This week’s code challenge comes from Coderbyte. Here are the basic instructions:
Have the function `StringReduction(str)` take the `str` parameter being passed and return the smallest number you can get through the following reduction method. The method is: Only the letters a, b, and c will be given in str and you must take two different adjacent characters and replace it with the third.
For example, if you were provided the string “abc,” you could simplify that to “cc” but no further. On the other hand, “aba” could be simplified to “ca” and then to “b.” For simplification, here are all of the transformations:
ac = b
ca = b
cb = a
bc = a
ab = c
ba = c
Here are some test cases:
StringReduction(“abcabc”) should equal 2.
StringReduction(“cccc”) should equal 4.
StringReduction(“baccabcbc”) should equal 1.
Here’s my solution collapsed:
This one was a bit of a doozy! I originally read this challenge three weeks ago and gave it a try. I couldn’t get it working so I moved on to another after an hour of frustration. Reflecting back on the “Second Greatest Length” challenge, I had a little epiphany of how it could work.
Challenge: Given a string, the function
highestRecurringLetter should return the word in that string that contains the highest recurring letter. For example, if given “Trees are great,” the function should return “Trees” because the letter ‘e’ occurs twice. If no letter occurs more than once in a word (“This is fun”), the function should return the last word in the string. Assume that the string has at least one word, and words are separated by spaces.
highestRecurringLetter("Soccer is fun") = ‘Soccer’;
highestRecurringLetter("Recurring challenges are fun") = ‘Challenges’;
highestRecurringLetter("I love them") = ‘Them’;
Here’s my solution minimized. I want to see yours though. If you give this a shot, let me know and post a link to your solution in the comments! Otherwise, just let me know what I could’ve done better!
This is the third post in a series of at least 10 code challenges. You can find the others here.
Compared to the previous two challenges, today’s challenge was short and straightforward.
Challenge: Given a string, the function reverseString should return the same string backwards. For example, reverseString(“This string”) would return “gnirts siht.” When writing your function, assume the message contains only letters and spaces, and all words are separated by one space.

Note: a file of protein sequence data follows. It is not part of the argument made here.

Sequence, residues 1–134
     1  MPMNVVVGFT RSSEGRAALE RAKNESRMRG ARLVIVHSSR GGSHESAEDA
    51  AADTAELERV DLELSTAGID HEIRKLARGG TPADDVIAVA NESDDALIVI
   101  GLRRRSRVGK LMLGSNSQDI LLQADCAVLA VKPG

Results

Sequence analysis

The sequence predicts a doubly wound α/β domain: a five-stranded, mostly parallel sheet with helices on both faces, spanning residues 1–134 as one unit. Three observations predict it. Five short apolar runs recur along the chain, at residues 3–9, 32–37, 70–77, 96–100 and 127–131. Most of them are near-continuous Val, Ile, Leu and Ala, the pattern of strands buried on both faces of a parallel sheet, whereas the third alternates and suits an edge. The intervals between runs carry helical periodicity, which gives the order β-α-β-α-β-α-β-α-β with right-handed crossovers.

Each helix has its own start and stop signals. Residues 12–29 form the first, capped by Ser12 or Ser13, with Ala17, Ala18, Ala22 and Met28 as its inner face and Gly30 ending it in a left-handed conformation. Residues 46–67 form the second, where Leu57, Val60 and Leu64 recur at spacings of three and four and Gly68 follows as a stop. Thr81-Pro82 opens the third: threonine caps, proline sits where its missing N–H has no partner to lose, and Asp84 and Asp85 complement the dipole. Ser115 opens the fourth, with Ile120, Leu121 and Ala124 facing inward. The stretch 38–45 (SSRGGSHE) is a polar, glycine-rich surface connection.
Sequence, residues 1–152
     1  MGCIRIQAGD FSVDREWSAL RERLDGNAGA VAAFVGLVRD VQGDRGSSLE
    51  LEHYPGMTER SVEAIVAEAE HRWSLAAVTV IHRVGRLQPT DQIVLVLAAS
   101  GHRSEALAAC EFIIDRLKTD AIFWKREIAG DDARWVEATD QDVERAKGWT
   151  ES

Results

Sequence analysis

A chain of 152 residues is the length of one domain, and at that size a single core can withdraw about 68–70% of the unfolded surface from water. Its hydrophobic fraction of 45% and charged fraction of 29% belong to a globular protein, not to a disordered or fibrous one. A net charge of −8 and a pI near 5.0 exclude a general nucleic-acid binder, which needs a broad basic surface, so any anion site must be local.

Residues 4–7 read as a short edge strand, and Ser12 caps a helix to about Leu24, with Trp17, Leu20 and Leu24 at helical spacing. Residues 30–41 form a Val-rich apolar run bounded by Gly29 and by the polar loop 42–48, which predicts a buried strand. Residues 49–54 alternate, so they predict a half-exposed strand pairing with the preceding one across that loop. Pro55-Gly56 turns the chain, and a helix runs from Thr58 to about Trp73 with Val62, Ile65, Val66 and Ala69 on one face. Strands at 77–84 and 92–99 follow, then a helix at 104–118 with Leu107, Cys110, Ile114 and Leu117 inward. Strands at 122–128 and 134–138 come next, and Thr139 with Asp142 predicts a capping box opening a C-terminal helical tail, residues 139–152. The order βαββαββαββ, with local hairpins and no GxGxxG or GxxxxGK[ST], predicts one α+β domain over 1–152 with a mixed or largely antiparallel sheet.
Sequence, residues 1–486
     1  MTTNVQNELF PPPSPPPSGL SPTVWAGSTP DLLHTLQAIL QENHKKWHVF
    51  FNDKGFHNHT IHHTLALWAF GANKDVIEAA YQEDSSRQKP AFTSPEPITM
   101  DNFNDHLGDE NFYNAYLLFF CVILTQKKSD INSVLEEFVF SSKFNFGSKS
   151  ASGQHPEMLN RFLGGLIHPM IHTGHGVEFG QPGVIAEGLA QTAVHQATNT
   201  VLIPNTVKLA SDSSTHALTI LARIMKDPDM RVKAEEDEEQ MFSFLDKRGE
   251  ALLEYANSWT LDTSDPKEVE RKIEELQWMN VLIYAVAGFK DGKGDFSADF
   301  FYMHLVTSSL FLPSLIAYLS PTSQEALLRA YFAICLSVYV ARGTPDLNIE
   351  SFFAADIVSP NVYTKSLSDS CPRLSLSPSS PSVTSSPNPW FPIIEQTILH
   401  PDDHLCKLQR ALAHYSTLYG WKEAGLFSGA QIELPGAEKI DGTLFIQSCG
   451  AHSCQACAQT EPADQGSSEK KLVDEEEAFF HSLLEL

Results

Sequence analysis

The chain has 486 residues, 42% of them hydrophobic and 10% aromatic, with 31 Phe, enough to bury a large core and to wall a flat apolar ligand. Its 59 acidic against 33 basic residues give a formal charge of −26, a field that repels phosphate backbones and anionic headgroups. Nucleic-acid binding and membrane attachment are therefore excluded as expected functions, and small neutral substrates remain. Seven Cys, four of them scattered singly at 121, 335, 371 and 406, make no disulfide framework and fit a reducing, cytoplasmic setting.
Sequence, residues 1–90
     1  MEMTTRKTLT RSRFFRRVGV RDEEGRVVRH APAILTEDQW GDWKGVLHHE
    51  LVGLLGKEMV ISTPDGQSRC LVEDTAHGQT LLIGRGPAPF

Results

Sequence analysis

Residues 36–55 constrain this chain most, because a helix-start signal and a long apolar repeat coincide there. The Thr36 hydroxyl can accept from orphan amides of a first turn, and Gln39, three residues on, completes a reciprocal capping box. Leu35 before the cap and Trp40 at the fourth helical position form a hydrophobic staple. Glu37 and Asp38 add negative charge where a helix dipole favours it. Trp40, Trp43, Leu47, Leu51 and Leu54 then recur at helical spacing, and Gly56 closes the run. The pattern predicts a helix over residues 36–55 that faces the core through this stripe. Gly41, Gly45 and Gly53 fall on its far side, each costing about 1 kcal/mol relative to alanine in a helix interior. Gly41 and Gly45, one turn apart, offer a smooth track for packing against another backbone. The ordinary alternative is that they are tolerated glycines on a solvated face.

Here’s my solution collapsed:
Isaac Morehouse on Medium:
Not long ago a degree may have been the best signal most people could get. There weren’t many ways to demonstrate your value to the market, so a degree was one of the better bets. Things have changed dramatically. Technology has opened up the world. The tools available to you now have lowered search and information costs, and you can create signals of your own that are far more powerful than a degree.
I’ve tried to articulate this in the past with articles in self-learning, but Morehouse knocked it out of the park in his article on building a better signal.
There’s nothing wrong with getting a degree. I spent enough time in the classroom to get both a Bachelor’s and a Master’s. Degrees can be valuable, but they don’t set you apart as they did 10 years ago. There’s a clear path to getting a degree that’s relatively easy to navigate. The steps from start to finish are pretty clear.
This is the second post in a series of at least 10 code challenges. You can find the others here.
Challenge: Given an array of at least three strings, the function secondGreatest should return the second highest length value. For example, if you were given [“Three “, “Four “, “Fifteen”], the function should return “Five,” which is the length of the second longest item in the array (“Fifteen” would be the longest). Given an array of [“One”, “Two”, “Ten”, “Eleven”], the function should return “Three.” The array will always consist of at least three items.